Wednesday, 13 June 2012

The Battle of Santa Clara

A Tribute to Che Guevara

The Battle of Santa Clara
How Che Guevara derailed a Troop Train


Gyan C. A. Fernando
(In memory of "Che" and published on the 14th of June, his birthday) 

Some 270km east of Havana, Cuba, in the centre of the island, the university town of Santa Clara is most famous as the site of an historic battle. 
This is where, between the 28th and 31st of December, 1958, Ernesto “Che” Guevara took on Government troops, derailed a troop train and brought the Cuban Revolution to a decisive victory. 
Che's Mausoleum at Santa Clara
Che's Mausoleum at Santa Clara
The train was derailed on the 29th of December.

Che, whose men numbered only 300, entered the town to take on a far more formidable but demoralised force of Government troops.

The main threat to Che and his men were a troop train dispatched from Havana with reinforcements.

Old box cars now a museum, Santa Clara, Cuba
Old box cars now a museum
Apparently, Che had inside information that the train was heavily armoured. The metal box cars had double metal skins with the space in between filled with sand to stop bullets from piercing. 
It is said that Che had the information that, although thus armoured, the vulnerable part of the train were the wooden floors of the cars.

After several skirmishes, Che’s men derailed the train by the simple expedient of using a Caterpillar bulldozer to rip up the tracks. The derailed train lay in the hot sun and the revolutionaries threw Molotov cocktails at the vulnerable underside of the cars. Within minutes a senior officer carrying a white flag appeared and the troops surrendered without anybody being killed.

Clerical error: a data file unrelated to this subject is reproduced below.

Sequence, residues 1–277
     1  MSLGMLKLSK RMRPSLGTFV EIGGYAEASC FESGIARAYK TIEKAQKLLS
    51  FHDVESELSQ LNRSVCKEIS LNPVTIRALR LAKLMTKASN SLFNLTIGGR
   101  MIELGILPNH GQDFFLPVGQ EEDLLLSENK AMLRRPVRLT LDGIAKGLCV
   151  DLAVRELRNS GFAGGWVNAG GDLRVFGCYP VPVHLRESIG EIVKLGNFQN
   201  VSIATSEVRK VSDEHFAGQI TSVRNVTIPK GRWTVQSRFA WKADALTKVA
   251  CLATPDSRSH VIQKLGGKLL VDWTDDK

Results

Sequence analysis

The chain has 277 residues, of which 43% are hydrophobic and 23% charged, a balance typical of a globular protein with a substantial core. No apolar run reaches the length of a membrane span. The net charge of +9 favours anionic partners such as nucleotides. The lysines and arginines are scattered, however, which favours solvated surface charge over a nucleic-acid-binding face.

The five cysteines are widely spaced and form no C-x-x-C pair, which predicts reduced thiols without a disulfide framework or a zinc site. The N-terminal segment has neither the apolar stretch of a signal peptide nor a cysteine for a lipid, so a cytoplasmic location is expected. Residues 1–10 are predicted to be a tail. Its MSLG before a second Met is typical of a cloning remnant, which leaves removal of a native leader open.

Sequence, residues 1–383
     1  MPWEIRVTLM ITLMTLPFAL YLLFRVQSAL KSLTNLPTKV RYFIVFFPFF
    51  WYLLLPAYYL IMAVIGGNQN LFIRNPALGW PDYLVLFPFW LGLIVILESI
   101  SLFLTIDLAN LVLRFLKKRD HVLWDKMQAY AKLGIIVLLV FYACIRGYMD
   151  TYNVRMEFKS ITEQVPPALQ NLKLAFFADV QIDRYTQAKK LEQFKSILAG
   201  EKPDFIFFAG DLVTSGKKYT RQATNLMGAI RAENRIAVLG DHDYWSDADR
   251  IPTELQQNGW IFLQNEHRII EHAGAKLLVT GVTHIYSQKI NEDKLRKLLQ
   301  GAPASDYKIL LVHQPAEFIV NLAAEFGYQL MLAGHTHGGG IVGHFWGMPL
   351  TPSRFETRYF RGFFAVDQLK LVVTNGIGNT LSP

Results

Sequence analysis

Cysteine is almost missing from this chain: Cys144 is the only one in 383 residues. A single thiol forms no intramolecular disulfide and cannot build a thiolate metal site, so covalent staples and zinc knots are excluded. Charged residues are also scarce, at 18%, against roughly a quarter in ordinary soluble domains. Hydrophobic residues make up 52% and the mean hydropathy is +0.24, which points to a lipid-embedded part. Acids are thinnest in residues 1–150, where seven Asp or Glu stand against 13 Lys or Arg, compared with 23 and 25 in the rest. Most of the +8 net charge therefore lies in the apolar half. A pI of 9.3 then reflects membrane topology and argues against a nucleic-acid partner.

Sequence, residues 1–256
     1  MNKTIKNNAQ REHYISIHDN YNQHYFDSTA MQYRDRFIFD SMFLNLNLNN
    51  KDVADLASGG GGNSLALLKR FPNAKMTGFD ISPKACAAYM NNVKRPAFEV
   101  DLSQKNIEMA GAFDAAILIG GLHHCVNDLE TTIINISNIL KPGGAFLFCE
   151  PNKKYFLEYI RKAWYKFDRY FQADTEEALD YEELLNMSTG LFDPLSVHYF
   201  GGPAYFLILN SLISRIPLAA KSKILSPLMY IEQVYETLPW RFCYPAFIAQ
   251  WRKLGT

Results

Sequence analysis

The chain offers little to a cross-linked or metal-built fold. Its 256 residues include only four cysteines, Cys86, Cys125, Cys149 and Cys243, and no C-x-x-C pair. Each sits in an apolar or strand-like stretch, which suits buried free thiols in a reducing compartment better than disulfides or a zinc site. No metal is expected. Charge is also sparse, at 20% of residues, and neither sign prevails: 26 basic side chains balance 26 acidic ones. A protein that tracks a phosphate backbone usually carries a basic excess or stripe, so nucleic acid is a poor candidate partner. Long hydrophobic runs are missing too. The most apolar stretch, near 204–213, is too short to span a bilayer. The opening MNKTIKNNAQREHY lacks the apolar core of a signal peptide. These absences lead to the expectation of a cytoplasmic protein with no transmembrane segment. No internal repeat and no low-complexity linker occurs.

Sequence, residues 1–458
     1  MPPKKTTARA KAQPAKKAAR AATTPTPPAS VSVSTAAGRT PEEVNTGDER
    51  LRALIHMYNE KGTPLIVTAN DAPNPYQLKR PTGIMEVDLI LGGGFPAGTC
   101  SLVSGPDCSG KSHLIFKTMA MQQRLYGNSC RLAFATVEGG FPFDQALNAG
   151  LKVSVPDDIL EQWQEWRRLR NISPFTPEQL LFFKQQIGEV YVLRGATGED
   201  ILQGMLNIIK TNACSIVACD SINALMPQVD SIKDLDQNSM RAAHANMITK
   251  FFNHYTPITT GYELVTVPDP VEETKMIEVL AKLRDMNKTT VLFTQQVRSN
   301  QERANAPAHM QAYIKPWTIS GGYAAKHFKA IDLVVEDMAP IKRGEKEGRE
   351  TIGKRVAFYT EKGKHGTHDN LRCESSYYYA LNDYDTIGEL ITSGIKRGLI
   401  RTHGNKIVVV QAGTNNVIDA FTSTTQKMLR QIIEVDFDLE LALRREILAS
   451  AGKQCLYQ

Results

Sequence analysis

The Bulldozer at Santa Clara, Cuba
The Bulldozer
Old box cars now a museum, Santa Clara, Cuba
Old box cars now a museum

The next day, the dictator Batista fled the country and Fidel Castro came into power.

The author visited Santa Clara on the 8th of March 2006.

The original carriages are still there and have been converted into a museum at the site of the derailment. 
The present day railway tracks are close by. 
The original bulldozer used to rip up the tracks is still there as well, now mounted on a concrete plinth.
The irony is that the bulldozer, a Caterpillar, is of American origin!

Photos: All belong to the author and are copyright

References and further material:

  1. The Battle of Santa Clara: 
  2. Pictures of the wrecked train:
  3. The armoured train:

No comments:

Post a Comment